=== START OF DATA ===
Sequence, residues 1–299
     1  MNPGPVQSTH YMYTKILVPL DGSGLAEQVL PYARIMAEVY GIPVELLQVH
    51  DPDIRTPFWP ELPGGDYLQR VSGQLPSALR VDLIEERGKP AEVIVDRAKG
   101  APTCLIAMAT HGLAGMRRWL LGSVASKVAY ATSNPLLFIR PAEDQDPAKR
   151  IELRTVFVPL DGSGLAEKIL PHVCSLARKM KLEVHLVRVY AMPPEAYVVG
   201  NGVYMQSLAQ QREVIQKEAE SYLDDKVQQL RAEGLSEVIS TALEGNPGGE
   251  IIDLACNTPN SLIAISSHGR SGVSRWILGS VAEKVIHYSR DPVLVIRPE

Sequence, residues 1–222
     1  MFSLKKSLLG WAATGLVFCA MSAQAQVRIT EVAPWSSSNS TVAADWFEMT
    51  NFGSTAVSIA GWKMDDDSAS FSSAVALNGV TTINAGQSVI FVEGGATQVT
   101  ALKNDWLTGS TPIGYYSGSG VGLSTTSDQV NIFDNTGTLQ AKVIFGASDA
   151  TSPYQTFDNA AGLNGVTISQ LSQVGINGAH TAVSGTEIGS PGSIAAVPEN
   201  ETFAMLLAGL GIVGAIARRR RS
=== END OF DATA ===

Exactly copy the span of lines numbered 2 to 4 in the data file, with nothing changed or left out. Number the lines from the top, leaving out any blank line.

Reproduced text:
     1  MNPGPVQSTH YMYTKILVPL DGSGLAEQVL PYARIMAEVY GIPVELLQVH
    51  DPDIRTPFWP ELPGGDYLQR VSGQLPSALR VDLIEERGKP AEVIVDRAKG
   101  APTCLIAMAT HGLAGMRRWL LGSVASKVAY ATSNPLLFIR PAEDQDPAKR